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Aspect oriented software development

Introduction
In computing, Aspect-oriented software development (AOSD) is an emerging software development technology that seeks new modularizations of software systems in order to isolate secondary or supporting functions from the main program's business logic. AOSD allows multiple concerns to be expressed separately and automatically unified into working systems. Aspect-Oriented Software Development focuses on the identification, specification and representation of crosscutting concerns and their modularization into separate functional units as well as their automated composition into a working system.

Introduction
To identify aspects, Aspects are behaviours that are tangled and scattered across a system early in the software lifecycle, and establish sufficient traceability, developers need support for aspect identification and analysis in requirements documentation. To address this, Theme approach for viewing the relationships between behaviours in a requirements document, identifying and isolating aspects in the requirements and modelling those aspects using a design language has been deviced. The intent of aspect-orientation is to allow developers to encapsulate system behaviour that does not fit cleanly into the particular programming model in use.

Goals
The AOSD process needs to: be fully customizable, extensible and platform independent. be usable in a staged manner and integrated with other. guarantee quality assurance in the process and the design artifacts

Requirements
The core requirements of an AO process include the need to support: concern module design. composition specification. resolution of conflicts and cooperation between interacting concerns.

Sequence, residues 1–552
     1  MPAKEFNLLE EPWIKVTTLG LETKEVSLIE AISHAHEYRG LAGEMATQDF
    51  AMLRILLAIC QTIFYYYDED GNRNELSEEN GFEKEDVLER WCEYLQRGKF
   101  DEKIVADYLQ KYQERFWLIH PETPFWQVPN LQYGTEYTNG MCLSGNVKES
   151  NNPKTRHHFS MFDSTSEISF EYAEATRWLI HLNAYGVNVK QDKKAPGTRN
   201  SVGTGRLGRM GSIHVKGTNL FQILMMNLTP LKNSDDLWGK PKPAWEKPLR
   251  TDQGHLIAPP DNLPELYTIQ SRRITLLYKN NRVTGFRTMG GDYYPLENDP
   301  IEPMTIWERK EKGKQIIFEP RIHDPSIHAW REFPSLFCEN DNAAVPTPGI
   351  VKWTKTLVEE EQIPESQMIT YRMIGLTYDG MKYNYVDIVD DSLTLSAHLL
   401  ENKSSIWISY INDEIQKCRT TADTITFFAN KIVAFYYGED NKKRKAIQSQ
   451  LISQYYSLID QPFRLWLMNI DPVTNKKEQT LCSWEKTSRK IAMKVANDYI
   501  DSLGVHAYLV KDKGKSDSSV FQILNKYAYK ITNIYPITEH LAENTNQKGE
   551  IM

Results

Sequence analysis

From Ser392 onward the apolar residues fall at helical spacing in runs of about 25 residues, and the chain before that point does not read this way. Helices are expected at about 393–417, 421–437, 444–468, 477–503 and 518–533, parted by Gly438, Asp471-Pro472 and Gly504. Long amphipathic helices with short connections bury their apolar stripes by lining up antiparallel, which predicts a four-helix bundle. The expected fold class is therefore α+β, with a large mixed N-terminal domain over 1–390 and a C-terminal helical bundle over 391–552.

AOD Process

This model has several elements: a start and end point, activities that make up the process, decision points and transitions between activities. The start and end points are denoted by circles, the activities are illustrated as boxes and the transitions are denoted by directed arrows. Points where decisions need to be made are denoted by a black diamond.

AOD Process activities


These activities include: Concern identification and classification in this process, the inputs to the design process are analyzed and refined to validate outputs from concern identification and classification within the requirements engineering, architecture design or system specification processes. Design test(s) - in this process, the design tests are created based on models that define system behavior and structure, such as system specifications and architecture design. Design tests ensure the concern designs; composition specifications and conflict and cooperation resolution specifications are satisfactory.

AOD Process activities


Design by reuse concerns may be repetitively encountered across application design. The process of designing by reuse addresses this by allowing the designer to decontextualise concern designs they consider reusable and support reuse of previously defined concern designs. Design composition specification(s) in this process, an order for composition of concerns is defined and the description of how the concerns are to be composed to create a functioning system is defined. This activity also deals with resolving the conflict and cooperation issues that exist between concerns.

AOD Process activities


Verify when concerns and composition specifications have been designed, there needs to be some means of verifying specific properties of the design, relevant to the application.

Refine A scaleable design process needs to be capable of dealing with simple and complex systems. Complexity is typically overcome through hierarchical abstraction. We believe that a layered design process based on the recursive refinements of abstract models to more concrete models will address both cases.

Course Management System


The Course Management System (CMS) is a very small system, with nine requirements: R1. Students can register for courses. R2. Students can unregister for courses. R3. When a student registers then it must be logged in their record. R4. When a student unregisters it must also be logged. R5. Professors can unregister students. R6. When a professor unregisters a student it must be logged. R7 When a professor unregisters a student it must be flagged as special. R8. Professors can give marks for courses. R9. When a professor gives a mark this must be logged in the record.